Myth: Plungers Can Fix All Clogs
Fact: While plungers work well for clearing sink and tub backups, they cannot remedy clogs deep in the main sewer drain lines. Trying to plunge into serious obstructions can worsen the situation. If a plunger and auger fail to clear a kitchen or bathroom clog, call for professional drain cleaning services to clear the blockage and inspect for pipe damage.
Cold Weather Plumbing Myths
Myth: Pipes only freeze in exterior walls
Fact: Interior walls that border unheated spaces like attics and crawlspaces are also vulnerable to freezing in extreme cold. Insulate all susceptible pipes.
Myth: A low thermostat at night saves energy
Fact: Homes need consistent heating around the clock in winter. Allowing temperatures to drop below 55°F could lead to frozen pipes.
Myth: Running water prevents freezer failures
Fact: If pipes have already frozen, this will not thaw them. Professional pipe thawing is required to safely alleviate frozen pipes without the risk of bursting.
Drain and Sewer Plumbing Myths
Myth: All sink food waste can go down the garbage disposal
Fact: Fibrous foods like celery and egg shells can clog the disposal. Compost all produce scraps when possible. Only use the disposal for soft leftovers.
Myth: Flushing wipes labelled “flushable” is not harmful
Fact: No wipes are truly sewer-safe. They do not break down and can snag on pipes or roots, causing obstructions. Toilet paper should be the only wipe material flushed.
Myth: Annual drain cleanings prevent clogs
Fact: Professional drain cleaning provides maintenance but does not guarantee against future clogs. Avoid pouring grease and only flush the waste down the drains.
Frequently Asked Questions
What should I use to unclog drains instead of chemical cleaners?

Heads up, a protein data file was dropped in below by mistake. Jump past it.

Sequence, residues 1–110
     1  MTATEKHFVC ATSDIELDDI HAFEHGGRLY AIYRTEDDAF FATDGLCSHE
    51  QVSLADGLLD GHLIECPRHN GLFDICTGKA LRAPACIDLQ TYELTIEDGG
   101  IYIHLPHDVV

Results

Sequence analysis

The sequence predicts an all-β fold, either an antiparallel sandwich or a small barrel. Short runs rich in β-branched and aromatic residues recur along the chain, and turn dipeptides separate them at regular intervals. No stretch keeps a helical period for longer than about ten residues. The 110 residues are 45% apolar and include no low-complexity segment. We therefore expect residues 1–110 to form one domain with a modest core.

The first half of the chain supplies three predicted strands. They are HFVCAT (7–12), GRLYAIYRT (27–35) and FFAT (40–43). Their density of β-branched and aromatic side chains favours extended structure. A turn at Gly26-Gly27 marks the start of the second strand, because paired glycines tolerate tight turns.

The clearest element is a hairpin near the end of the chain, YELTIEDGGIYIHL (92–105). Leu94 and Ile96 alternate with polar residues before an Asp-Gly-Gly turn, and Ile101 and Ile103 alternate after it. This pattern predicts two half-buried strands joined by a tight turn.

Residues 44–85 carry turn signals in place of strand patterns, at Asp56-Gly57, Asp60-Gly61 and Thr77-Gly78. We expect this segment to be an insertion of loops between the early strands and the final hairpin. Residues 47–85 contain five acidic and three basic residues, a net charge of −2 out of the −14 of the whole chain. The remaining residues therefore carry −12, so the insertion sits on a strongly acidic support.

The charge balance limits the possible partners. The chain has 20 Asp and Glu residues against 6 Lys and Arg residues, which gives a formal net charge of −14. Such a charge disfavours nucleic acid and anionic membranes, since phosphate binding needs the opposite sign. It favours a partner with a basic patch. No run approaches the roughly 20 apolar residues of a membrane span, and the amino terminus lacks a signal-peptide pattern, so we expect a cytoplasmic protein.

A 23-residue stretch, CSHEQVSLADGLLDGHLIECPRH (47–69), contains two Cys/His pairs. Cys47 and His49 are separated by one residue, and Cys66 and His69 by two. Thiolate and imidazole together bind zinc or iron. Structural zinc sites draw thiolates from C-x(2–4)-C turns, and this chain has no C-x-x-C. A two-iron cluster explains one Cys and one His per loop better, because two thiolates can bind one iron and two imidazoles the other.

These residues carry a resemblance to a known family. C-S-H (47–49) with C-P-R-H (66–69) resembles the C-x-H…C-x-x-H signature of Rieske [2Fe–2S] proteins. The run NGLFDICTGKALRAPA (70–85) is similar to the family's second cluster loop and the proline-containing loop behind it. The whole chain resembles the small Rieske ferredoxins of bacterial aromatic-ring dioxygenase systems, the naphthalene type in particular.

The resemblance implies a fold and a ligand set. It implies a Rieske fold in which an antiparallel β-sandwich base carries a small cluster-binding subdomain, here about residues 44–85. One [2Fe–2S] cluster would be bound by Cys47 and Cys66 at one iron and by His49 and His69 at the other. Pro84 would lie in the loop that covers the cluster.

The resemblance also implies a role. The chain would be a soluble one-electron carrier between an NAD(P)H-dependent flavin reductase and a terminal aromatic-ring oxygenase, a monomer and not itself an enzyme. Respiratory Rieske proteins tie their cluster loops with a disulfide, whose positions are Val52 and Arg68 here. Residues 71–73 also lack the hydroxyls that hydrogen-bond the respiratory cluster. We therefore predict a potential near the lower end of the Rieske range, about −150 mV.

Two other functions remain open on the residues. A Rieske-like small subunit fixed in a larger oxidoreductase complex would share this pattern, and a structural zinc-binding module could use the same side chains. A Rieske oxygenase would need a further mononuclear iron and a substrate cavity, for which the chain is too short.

Use a zip-it plastic drain cleaning tool, plunger, metal drain snake, or baking soda and vinegar first. This is safer for pipes. If unsuccessful, call a plumber to inspect and clear the clog professionally.
How long do hot water heaters typically last?
On average, traditional water heaters last 8-12 years before needing replacement. Tankless water heaters have a longer 15-20-year lifespan. Inspect heaters over 10 years old annually for signs of wear and proactively replace them to avoid leaks or failures.
Is it okay to use a metal drain snake on PVC pipes?
No-metal snakes can scratch plastic PVC pipes, causing damage over time. Use a plastic zip-it tool first. For deeper clogs, let a professional auger out the obstruction to avoid harming pipes. They have flexible augers that will not harm PVC.
What should I do if there is a persistent sewer gas smell in my home?
Persistent rotten egg odours likely mean a crack or leak in your plumbing vent stack or sewer line is allowing gases to enter living areas. Call a plumber immediately to diagnose the issue before hazardous buildup occurs. Annual sewer video inspections can catch problems early.
Why does my toilet make noise when refilling?
If the fill valve is making high-pitched noises, a simple adjustment of the float cup screw can quiet it. Loud gurgling after flushing indicates a blockage in the trap-way or drain pipe which requires professional attention to clear.
Don’t let outdated myths dictate how you care for your home’s plumbing. Always rely on the facts and best practices when maintaining drains, supply lines, sewers, fixtures, and appliances. When in doubt, your local plumbing experts at Plumbing Works are here to diagnose issues, make repairs, and keep your plumbing running smoothly using professional equipment and modern methods.